When winter arrives, it’s understandable that we get a little more chilly at night, especially when we’re camping. However, some people tend to be cold sleepers, and have trouble staying warm even in the spring or fall, as well. Today, I’ve got a few tips to help the cold sleepers out there stay a little warmer in their sleeping bags.
One of the more obvious solutions for staying warmer in your sleeping bag is to add more layers to your clothing. Wear midlayers or even your outer shell if there’s room, and feel free to put on gloves or a hat, even, if you’re still not warm enough. To help with blood circulation, it’s mart to remove any constricting clothing or anything with a tight waistband. You can also add a layer to your sleeping bag by bringing a flannel sheet for added insulation. I like to take a full-size sheet and sew it in the shape of a sleeping bag to use as an internal sleeve during cooler seasons.
Another way to keep warm is to use a sleeping pad. A thick sleeping pad will help insulate against the cold ground. I’ve seen people use pads that are a few inches thick, stack two pads together, or even lay their sleeping pad on top of an empty backpack or unused clothing for added insulation.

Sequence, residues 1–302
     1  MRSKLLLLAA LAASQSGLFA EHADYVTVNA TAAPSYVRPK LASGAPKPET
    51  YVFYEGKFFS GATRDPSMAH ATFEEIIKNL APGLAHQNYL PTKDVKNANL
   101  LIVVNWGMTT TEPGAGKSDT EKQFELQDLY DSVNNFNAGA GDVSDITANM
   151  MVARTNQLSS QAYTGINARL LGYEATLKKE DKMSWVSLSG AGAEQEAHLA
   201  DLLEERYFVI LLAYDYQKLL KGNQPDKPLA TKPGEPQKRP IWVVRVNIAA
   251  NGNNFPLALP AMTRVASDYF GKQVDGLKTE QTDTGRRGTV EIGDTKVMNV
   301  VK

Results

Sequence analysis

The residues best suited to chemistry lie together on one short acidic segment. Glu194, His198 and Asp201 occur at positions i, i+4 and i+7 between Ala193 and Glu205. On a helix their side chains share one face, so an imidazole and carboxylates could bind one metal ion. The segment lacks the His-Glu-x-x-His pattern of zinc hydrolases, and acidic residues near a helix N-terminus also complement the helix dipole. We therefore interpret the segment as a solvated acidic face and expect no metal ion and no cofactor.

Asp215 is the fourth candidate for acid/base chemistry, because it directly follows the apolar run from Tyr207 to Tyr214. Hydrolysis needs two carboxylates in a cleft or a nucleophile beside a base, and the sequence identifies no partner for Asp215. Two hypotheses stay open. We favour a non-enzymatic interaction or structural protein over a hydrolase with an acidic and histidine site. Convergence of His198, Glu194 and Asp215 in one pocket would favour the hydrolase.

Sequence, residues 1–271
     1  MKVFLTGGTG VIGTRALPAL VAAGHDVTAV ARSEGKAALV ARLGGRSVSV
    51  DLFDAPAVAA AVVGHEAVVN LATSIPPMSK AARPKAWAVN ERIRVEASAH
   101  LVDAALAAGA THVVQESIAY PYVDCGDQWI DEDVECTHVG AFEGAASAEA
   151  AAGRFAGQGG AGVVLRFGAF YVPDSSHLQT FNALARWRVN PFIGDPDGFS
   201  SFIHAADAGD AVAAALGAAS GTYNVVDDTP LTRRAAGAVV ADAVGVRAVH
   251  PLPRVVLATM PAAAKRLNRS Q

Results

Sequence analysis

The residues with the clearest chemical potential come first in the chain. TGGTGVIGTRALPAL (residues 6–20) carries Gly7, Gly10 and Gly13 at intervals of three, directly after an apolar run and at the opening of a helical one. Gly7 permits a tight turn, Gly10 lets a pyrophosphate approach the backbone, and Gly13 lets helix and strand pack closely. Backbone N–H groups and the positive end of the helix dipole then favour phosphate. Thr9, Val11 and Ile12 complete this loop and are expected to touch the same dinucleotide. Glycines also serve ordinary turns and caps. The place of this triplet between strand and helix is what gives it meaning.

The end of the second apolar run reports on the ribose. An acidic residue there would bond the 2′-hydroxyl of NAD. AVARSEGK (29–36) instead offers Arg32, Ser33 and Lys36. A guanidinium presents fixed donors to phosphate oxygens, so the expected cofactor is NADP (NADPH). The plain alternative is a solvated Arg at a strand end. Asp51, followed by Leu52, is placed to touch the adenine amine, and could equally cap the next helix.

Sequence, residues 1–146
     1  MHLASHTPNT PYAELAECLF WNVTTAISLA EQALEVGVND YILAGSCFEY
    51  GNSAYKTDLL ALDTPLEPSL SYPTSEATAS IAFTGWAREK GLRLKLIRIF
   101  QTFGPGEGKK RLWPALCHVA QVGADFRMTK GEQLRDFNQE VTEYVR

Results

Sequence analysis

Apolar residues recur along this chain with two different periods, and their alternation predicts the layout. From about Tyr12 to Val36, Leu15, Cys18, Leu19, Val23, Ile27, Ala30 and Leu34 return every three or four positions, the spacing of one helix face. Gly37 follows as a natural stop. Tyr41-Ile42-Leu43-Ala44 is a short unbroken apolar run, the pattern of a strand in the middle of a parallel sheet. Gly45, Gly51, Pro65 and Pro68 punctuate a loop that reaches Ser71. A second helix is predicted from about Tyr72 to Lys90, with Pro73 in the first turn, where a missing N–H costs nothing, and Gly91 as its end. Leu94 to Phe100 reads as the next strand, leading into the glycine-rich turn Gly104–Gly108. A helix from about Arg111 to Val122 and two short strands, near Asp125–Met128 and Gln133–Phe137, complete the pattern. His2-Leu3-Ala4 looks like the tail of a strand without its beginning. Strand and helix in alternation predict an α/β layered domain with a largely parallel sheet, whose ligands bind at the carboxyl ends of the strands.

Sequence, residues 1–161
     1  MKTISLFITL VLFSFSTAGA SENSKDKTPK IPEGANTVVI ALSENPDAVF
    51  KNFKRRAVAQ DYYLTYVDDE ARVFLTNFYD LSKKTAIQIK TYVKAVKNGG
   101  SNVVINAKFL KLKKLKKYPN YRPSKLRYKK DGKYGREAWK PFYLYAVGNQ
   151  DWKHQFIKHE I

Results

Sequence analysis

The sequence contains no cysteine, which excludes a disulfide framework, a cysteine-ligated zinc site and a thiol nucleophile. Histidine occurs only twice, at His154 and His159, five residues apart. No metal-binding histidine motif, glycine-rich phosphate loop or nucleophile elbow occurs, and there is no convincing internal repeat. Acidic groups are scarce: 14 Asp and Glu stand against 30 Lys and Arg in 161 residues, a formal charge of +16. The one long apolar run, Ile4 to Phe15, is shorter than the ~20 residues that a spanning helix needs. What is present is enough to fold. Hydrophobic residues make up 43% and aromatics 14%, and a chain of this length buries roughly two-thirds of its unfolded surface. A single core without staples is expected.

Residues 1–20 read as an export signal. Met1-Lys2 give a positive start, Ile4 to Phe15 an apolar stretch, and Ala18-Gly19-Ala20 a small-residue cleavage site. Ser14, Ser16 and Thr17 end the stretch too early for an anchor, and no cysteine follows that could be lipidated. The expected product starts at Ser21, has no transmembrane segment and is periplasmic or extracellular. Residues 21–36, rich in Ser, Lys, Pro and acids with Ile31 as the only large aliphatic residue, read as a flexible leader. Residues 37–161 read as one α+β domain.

Some sleeping bags have draft collars and some don’t. If you know you’re a cold sleeper, it’s smart to buy one with a draft collar right off the bat, but you can also make one of your own if needed. Simply wrap a shirt around your neck to keep cold air from seeping into your bag.
Lastly, it might be time to turn the heat on. To do this, fill a sturdy bottle with hot water (not boiling) and wrap the bottle in a piece of clothing. Then, keep the bottle between your legs or against your chest while you sleep for added warmth.
If you find that the above solutions aren’t helping, then it may be time to invest in a warmer bag. The weather’s not going to warm up just for you, so the only thing you can do to counter the cold nights is to prepare yourself a little better. Hopefully, the tips outlined today will help turn up the temperature in your sleeping bag the next time you spend the night in the outdoors.